Every trainer and clinician gets asked about handling horses that don’t tie or sit back when they are tied. It’s a universal problem because there isn’t a perfect answer.
If you canvass equine experts you will get two basic responses, one that makes sense, and one that doesn’t make any sense if you happen to like your horse. I have not included any images of horses sitting back or the consequences when they do. Don’t even search for such photos if you have a queasy stomach.
Some (bad) online advice for horses that pull back:
- “If it could still breathe, I would just leave it there until it got up and stood for a little while, then untie and let it go.”
- “As harsh as it sounds, sometimes the only way is to let him fight it out. Most of the time, even when they get down, they are perfectly capable of getting up on their own when it gets really uncomfortable.”
- “You could use a neck rope, and tie your lead to it, and run the lead under her chinstrap on the halter, and tie her with that. Make sure what ever you tie her to is strong enough to withstand her freakouts, and try to use a rope halter, and solid lead rope.”
This question popped up in a horse forum recently.
Q: I am a professional trainer and have lately been faced with an abundance of horses who do not tie/pull back. I have a fair set of tools but could use some more resources.
Referring back to the two basic responses among professionals, the first suggests that the owner get a halter that won’t break and tie the horse to something that won’t move. Some people will even mention the age-old method of using a belly rope. Some folks swear by it, I do not. Anything involving ropes includes the possibility of injury and unintended consequences. The second basic response will be some variation on my answer to the question.
A: There are basically three options that I can think of:
1. Don’t put the horse in a situation that you already know it can’t handle – like sitting back when left alone on the side of a trailer, etc.
2. Don’t tie the horse. Seriously. Unless you have to leave the horse for an extended period of time, why not teach the horse to stay put? That’s what I do with mine. They tie regularly, but most of the time I just say, “Sit. Stay” with no halter or lead. Have you tried teaching your horse to ground tie?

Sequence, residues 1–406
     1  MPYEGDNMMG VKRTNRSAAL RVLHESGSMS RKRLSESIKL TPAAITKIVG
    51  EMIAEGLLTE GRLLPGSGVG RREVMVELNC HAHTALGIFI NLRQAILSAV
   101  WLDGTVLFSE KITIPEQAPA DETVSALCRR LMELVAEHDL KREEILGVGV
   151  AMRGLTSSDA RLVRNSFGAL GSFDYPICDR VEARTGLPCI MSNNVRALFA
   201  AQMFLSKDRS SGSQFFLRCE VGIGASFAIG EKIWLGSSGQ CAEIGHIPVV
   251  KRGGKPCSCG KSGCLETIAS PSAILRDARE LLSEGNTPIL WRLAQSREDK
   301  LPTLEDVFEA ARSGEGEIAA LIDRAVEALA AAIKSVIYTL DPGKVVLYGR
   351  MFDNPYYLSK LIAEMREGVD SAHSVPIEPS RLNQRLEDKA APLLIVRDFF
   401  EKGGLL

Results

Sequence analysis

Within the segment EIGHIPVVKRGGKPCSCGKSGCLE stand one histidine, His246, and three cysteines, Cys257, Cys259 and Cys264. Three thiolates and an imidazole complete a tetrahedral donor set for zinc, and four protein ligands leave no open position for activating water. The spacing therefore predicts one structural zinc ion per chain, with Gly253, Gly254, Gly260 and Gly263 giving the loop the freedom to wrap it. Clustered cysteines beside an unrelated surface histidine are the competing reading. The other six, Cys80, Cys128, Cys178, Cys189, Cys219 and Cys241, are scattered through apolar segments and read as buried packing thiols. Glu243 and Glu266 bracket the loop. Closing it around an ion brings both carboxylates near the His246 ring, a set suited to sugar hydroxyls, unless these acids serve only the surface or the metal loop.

3. Take the long slow approach. There are 100 ways to get started, from the gadgets clinicians sell to doing it the way I do. (If you want details I will provide, but read more before thinking about it.) The habit of pulling back is a hard one to break because each time the horse fights and gets loose it learns that the answer is to fight harder.
The only way to break an old habit is to replace it with a new one. The only way the new one gains value is when it becomes a stronger habit than the old one. That can take months or years or never. Once you start on this road you are committed for the long haul. You can’t get the horse to tie three times (or 20 or 100) and think you’re finished. The new habit has to be maintained, maintained, maintained.
Once the horse ties in the stall begin again in the breezeway. Once that’s mastered, being again at another location. When I say begin again, that means at step one, not just tying the horse up and walking away. Horses pull back from fear. You have to give them more faith in something than they have fear of being tied. If you can’t commit to that – go back and reread numbers 1 and 2.
Sometimes being a pro means telling folks the truth. There are ways to break horses from pulling back, but all the quickie effective ones also put the horse (and often the trainer) in danger. Sometimes the fix is worse than the problem.
Be honest with your clients. If they’re not willing to do the work over the long haul or risk the life of their horse, they may want to take more time to think about it.
Some horses just aren’t going to tie once they’ve learned to sit back. Others won’t learn to tie quietly until one of two things happens:
- GOOD RESULT. The habit of giving to pressure even when tied up eventually becomes stronger than the established habit of pulling back. Then it’s maintenance, maintenance, maintenance.
- BAD RESULT. The horse becomes more afraid of the punishment for fighting the pressure (pain) than being tied. This is not a good plan and often leads to even more dangerous troubles.
Here’s a rule of thumb to consider when evaluating training methods: The release of gentle pressure is how a horse learns. Techniques that rely on pain to “teach” a horse is abuse.
Remember, the only way to break an old habit is to replace it with a new one. That can take months or years or never. The best way to handle a bad habit is to never let it begin. I teach horses to tie gradually. When the process is finished, horses think being tied up is a cue to take a nap. That’s only possible if the horse isn’t already afraid of being trapped by its head.
I am also VERY particular about who handles my horses. No one ever ties one of my horses except me or my husband. All it takes is one bad experience. Some horses must be handled by a variety of people. Fear is a tough emotion to extinguish. Whenever possible, try your best to protect your horse from negative experiences.
What do you need from your horse? How much expertise do you have or are able to afford? How much time are you willing to commit to breaking the established habit of pulling back, keeping in mind that your commitment must last indefinitely?
Be a good steward. Be a responsible horse owner. Your horse will thank you for it. And really, who else matters?
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Interested in learning more about relationship with a horse? Take a peek at the Amazing Grays Trilogy of books: Click image to visit Lynn’s author page on Amazon, then scroll down to individual titles for more information and reviews.